25 Mai 2012
A device that spat out chocolate if someone deposited 100 yen into a coin slot could fit the definition of what is known in science and engineering as a "black box" -- a system whose inputs and outputs are visible, but not its inner workings. Inside the facade may be your standard vending machine, a magical contraption that transforms metals into chocolate, or even a human being.
A couple of months ago, Tokyo Electric Power Co. (TEPCO), operator of the stricken Fukushima nuclear power station, announced that the water level in the No. 2 reactor containment vessel was only 60 centimeters deep. What's going on inside the crippled reactors remains unknown for the most part. In other words, the nuclear disaster has created its own "black boxes" whose input is cooling water and whose output is highly radioactive water.
Japan's nuclear safety administration, which downplayed the risks of a serious nuclear disaster and failed to take measures against a massive tsunami and loss of power, is responsible for bringing these troublesome black boxes into existence. It's only natural that the nuclear policymaking process dominated by the "nuclear village" -- the name given to the nation's pro-nuclear collection of politicians, bureaucrats, academics, and utilities -- has come to be looked upon with great suspicion.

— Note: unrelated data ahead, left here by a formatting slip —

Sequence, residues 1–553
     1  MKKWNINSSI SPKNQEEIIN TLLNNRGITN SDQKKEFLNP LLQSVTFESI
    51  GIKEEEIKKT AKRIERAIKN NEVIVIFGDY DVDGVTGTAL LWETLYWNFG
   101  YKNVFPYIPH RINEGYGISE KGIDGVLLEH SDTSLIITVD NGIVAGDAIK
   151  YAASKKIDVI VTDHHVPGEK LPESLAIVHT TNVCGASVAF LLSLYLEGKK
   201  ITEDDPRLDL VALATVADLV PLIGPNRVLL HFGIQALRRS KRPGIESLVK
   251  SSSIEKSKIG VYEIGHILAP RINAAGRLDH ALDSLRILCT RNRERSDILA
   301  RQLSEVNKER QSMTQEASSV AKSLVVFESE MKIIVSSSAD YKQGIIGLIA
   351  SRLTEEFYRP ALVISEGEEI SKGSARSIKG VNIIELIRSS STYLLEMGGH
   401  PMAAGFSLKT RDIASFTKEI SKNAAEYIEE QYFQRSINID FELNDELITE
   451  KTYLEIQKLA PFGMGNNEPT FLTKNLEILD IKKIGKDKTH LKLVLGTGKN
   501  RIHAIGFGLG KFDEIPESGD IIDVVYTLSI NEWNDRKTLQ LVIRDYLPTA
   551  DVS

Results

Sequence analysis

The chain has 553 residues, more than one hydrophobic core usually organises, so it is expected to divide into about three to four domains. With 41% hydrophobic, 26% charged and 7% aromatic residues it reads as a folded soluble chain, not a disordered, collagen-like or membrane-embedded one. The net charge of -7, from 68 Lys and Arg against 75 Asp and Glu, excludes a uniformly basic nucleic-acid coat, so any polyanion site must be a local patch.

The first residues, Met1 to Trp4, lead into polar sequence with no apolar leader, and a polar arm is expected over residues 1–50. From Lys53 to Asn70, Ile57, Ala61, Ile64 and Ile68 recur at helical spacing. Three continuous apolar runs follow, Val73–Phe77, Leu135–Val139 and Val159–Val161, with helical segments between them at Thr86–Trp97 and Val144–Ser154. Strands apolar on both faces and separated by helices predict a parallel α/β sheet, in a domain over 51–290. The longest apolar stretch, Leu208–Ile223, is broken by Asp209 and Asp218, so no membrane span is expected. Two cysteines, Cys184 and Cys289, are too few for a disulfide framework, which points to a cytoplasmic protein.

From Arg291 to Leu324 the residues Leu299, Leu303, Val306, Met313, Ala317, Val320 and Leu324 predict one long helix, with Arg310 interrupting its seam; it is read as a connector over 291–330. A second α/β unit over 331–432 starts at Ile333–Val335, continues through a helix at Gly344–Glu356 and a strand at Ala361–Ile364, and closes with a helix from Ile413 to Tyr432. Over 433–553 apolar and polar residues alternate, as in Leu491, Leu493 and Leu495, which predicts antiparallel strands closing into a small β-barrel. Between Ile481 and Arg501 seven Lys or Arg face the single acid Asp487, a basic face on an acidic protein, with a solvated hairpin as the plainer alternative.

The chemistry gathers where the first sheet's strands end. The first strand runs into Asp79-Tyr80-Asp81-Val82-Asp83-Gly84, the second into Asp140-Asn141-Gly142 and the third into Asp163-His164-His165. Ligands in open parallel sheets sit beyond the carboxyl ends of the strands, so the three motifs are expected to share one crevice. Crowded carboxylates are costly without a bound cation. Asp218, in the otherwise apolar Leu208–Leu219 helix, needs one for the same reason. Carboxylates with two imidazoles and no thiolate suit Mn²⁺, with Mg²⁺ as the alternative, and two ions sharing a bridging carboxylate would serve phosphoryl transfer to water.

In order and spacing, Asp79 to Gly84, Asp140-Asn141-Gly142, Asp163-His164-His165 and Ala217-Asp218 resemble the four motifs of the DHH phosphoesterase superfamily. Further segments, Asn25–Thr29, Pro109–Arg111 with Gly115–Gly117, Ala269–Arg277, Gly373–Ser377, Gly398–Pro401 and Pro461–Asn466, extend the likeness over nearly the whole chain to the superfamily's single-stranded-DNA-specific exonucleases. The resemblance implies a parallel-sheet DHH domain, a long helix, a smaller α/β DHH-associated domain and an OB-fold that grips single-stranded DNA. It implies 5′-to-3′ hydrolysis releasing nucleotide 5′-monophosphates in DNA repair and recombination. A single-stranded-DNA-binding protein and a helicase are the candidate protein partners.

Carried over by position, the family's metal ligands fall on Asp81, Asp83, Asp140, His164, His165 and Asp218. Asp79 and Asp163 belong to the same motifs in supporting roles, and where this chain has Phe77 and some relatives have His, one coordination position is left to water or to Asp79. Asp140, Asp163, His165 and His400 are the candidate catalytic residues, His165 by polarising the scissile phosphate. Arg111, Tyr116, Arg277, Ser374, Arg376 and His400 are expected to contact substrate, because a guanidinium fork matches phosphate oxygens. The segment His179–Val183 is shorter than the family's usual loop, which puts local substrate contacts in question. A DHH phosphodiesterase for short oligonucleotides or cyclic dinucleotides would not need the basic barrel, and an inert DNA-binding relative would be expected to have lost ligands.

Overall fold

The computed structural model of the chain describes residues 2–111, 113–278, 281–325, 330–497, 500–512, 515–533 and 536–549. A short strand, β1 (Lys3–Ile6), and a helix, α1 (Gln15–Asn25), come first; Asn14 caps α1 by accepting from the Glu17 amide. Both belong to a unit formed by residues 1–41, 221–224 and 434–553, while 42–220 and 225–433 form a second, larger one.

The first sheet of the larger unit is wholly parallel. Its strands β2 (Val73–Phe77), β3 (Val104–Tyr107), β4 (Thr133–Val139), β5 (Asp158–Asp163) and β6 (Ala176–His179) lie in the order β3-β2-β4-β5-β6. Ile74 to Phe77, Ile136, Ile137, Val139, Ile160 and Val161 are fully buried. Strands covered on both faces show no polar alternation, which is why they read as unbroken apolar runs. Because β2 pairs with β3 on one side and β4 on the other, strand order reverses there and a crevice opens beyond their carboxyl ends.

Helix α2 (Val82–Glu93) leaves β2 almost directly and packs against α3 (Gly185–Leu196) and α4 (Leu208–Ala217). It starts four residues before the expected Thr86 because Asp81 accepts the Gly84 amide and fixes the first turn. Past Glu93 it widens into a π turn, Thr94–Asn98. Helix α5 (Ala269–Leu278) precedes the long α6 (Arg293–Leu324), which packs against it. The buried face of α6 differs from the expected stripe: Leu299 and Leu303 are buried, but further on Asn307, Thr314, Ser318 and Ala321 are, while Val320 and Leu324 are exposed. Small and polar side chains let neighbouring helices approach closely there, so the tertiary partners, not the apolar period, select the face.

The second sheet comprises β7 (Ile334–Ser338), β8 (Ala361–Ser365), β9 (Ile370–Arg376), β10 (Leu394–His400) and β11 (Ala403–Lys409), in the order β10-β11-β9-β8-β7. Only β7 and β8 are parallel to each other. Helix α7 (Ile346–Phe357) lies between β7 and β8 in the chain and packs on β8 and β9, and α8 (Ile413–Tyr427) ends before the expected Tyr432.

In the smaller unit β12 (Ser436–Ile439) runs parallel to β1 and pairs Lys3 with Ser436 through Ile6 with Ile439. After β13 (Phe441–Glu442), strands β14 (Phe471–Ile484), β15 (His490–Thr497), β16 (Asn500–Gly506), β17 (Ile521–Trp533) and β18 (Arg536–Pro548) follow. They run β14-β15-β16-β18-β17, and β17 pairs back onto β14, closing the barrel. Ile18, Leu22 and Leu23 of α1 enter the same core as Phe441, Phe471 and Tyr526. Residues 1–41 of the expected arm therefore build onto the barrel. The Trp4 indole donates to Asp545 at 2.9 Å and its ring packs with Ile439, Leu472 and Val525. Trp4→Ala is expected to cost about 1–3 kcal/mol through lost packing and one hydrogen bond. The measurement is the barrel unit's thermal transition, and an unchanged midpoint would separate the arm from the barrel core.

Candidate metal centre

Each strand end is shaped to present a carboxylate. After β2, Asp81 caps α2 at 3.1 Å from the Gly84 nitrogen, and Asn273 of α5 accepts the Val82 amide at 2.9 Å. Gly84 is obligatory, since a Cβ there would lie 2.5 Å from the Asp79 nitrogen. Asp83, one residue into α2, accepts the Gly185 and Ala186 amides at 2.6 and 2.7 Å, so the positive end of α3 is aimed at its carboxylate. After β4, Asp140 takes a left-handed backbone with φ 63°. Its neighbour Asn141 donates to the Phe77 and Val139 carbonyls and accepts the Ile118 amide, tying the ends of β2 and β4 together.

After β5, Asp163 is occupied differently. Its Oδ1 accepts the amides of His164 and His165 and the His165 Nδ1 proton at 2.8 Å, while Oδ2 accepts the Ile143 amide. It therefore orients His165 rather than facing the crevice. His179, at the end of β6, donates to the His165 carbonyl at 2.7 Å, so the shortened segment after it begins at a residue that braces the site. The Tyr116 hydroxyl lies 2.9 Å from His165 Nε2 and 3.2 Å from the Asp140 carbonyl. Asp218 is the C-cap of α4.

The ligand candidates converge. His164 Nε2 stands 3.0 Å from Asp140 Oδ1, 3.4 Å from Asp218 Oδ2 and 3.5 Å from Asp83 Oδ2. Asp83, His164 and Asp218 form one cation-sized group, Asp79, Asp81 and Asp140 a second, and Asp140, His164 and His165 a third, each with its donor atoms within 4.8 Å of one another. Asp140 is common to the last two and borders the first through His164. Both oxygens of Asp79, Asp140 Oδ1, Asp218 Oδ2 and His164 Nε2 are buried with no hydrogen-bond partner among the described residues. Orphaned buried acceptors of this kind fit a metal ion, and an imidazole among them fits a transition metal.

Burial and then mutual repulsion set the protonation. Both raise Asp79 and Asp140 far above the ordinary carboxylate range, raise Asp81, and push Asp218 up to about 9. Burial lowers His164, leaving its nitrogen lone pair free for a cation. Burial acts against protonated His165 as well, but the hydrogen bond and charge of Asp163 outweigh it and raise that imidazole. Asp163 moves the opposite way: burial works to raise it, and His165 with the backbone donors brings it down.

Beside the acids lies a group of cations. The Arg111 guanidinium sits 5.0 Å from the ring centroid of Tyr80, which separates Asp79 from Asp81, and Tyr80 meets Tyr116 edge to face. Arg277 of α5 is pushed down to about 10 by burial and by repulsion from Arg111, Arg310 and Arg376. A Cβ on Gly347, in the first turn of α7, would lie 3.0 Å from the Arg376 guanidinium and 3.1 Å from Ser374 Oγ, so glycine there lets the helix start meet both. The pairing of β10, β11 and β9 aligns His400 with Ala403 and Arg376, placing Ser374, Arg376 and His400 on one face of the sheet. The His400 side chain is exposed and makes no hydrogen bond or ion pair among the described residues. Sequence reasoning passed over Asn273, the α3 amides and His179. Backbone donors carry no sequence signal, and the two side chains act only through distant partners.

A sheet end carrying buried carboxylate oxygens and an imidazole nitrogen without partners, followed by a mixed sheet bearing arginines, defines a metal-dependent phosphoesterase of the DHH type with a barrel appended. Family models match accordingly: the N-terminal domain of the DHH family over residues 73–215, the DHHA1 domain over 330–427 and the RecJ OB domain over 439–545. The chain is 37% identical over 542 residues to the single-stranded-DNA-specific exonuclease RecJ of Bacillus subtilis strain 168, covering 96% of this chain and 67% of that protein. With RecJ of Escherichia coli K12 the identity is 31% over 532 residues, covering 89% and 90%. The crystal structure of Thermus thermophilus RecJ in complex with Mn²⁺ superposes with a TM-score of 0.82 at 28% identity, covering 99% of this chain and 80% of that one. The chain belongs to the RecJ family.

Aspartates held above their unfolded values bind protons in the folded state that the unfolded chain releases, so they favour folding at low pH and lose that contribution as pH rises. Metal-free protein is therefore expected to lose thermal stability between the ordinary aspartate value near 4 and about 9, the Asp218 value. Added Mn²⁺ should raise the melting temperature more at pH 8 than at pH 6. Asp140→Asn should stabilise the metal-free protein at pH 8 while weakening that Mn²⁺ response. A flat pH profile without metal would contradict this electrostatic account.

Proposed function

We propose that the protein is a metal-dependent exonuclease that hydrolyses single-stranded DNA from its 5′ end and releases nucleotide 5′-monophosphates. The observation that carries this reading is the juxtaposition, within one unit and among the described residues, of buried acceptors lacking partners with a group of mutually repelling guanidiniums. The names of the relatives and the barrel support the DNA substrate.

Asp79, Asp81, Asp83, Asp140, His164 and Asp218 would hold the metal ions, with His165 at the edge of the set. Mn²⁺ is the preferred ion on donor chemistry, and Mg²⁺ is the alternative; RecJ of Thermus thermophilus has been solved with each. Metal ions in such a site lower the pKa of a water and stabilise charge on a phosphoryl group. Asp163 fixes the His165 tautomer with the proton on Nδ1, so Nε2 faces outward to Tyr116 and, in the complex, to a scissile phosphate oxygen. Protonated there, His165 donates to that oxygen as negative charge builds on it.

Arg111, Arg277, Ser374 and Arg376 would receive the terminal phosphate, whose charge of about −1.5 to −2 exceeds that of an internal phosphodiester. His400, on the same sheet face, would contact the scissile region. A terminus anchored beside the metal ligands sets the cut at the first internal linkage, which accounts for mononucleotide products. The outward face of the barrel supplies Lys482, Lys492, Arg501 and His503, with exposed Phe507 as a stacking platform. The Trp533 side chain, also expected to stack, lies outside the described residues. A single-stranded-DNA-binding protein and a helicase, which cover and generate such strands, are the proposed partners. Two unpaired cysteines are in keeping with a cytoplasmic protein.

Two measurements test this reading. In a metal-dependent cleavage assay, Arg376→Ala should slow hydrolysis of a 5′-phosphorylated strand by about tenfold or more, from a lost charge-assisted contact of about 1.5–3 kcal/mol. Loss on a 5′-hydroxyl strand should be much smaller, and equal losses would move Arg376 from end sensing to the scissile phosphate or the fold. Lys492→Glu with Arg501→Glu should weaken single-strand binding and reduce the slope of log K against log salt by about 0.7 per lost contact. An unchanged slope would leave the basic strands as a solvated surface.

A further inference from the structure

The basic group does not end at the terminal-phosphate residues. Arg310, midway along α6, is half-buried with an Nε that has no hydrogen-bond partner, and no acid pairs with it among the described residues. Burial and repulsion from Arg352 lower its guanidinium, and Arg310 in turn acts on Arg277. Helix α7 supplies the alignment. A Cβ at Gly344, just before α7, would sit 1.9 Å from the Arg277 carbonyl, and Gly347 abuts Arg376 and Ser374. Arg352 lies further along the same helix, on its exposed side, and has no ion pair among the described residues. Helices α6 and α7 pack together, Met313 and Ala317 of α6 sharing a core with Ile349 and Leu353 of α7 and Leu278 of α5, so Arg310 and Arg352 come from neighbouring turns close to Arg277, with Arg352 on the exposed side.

Now, another black-box scandal in nuclear policymaking has emerged.
It was recently reported that the Japan Atomic Energy Commission (JAEC) held a secret meeting on April 24, before a JAEC subcommittee compiled and submitted a report on the country's policy of reprocessing spent nuclear fuel to the "council of new national energy policy" on May 23. The discussion, dubbed a "study meeting," took place behind closed doors, with only pro-nuclear parties from government and power industry bodies invited to attend. The chief of the JAEC subcommittee was also in attendance.
If the JAEC merely needed to hear the opinions of power companies, they could have held a public hearing. News of what could be seen as further collusive activity by the "nuclear village" -- and what could be interpreted as the "village" flaunting its indifference to the fact that it is already the target of widespread distrust -- is maddening the public.
It is said that the black boxes at the Fukushima plant will take decades to decommission. But the black box that spawned the nation's nuclear policy can be dismantled today. ("Yoroku," a front-page column in the Mainichi Shimbun)